Physicians at the University of Buffalo have reported that while many babies born early may look as healthy as full-term babies, sadly some of them are not, according to Medical News Today on Friday.
Term pregnancy is defined as one in which 37 to 41 weeks have elapsed since the first day of the mother's menstrual period. Traditionally, babies born within this time frame are thought to face the same risks.
However, this study highlights that the earlier the babies are born within this 5 week period, the higher the chances are that they will need some medical assistance.
Dr. Satyan Lakshminrusimha, associate professor of pediatrics at the University's School of Medicine and Biomedical Sciences, says:
We were seeing a significant number of infants born at 37 weeks who looked big and pretty healthy, but who, within a few hours of birth were developing low blood sugar, difficulty in breathing or needed antibiotics, necessitating admission to the neonatal intensive care unit
Dr. Shaon Sengupta, corresponding author of the study, hopes the study will ring alarm bells with medical staff attending these early deliveries. She says:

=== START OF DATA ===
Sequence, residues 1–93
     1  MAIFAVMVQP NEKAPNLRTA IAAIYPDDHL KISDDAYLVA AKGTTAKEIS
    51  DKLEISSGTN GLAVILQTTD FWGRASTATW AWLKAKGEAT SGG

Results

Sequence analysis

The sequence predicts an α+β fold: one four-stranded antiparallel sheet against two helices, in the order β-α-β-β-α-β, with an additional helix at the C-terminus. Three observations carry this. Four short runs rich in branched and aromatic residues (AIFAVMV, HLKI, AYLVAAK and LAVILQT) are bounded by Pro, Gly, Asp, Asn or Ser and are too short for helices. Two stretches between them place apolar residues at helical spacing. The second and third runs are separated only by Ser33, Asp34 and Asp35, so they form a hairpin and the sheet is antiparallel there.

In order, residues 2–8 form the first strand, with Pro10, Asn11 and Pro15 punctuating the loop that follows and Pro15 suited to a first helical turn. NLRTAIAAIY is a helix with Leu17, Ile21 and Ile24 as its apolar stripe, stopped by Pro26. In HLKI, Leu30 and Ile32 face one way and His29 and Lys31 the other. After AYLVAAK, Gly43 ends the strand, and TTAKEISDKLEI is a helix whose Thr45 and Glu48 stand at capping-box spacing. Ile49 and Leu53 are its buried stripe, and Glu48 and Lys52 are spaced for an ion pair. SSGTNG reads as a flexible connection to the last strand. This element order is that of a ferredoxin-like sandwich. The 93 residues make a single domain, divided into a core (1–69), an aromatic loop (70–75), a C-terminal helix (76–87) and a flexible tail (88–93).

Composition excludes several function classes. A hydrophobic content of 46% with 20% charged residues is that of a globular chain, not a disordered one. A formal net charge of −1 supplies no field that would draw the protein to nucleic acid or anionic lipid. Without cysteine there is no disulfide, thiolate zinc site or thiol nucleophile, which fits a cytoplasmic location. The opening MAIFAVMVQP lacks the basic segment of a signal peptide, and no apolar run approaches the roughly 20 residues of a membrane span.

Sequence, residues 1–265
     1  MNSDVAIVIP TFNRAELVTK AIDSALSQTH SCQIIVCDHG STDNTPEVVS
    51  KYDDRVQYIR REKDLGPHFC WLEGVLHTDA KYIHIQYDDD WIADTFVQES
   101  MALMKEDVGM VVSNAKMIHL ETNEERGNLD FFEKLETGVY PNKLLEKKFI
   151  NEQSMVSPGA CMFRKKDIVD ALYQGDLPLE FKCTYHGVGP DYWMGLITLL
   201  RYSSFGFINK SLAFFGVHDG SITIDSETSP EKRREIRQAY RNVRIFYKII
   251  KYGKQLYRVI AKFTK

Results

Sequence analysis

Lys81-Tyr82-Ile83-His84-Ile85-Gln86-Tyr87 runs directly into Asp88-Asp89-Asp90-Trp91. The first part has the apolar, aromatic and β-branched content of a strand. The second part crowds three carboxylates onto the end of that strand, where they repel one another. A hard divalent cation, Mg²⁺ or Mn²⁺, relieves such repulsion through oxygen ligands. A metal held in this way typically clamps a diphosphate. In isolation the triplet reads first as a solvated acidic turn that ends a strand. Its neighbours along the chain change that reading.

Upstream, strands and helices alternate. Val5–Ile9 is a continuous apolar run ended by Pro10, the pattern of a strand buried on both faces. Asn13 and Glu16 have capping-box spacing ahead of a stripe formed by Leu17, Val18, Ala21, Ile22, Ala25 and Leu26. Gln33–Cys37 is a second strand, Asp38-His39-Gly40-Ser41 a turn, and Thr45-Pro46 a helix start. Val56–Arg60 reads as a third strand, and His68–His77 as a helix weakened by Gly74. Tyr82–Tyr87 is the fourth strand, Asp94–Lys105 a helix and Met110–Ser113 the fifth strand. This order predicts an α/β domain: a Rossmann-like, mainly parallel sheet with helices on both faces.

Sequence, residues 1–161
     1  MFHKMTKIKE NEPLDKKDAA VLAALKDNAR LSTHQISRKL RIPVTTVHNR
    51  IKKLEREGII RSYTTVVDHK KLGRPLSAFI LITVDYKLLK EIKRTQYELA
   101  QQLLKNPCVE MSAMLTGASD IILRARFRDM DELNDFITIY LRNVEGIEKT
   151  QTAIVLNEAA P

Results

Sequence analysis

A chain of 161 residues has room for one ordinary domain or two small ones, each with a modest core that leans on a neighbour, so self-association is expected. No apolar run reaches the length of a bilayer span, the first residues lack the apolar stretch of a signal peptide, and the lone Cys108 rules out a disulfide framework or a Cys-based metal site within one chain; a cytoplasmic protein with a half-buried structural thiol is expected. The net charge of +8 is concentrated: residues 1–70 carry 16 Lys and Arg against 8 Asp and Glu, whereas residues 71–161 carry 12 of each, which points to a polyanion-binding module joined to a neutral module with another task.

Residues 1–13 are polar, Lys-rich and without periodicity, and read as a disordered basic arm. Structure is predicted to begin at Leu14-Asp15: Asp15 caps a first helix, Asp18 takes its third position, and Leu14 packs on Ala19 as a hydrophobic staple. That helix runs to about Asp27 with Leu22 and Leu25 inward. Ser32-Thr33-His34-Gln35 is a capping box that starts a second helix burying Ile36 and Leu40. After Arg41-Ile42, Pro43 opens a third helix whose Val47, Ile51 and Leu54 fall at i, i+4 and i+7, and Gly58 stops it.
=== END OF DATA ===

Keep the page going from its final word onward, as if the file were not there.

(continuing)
Our results show the need for an increased awareness among health care providers that even though we consider babies born at 37 or 38 weeks almost term, they are still, to a large extent, physiologically immature.
This risk increased even further if birth was by elective cesarean section - rising from 9.7% risk of admission with vaginal deliveries to 19% following a cesarean.
Dr. Lakshminrusimha notes that the need for respiratory support is increased for babies delivered by cesarean section who may retain their fetal lung fluid, since they do not experience the hormonal changes of labor, which clear the fluid from the lungs.
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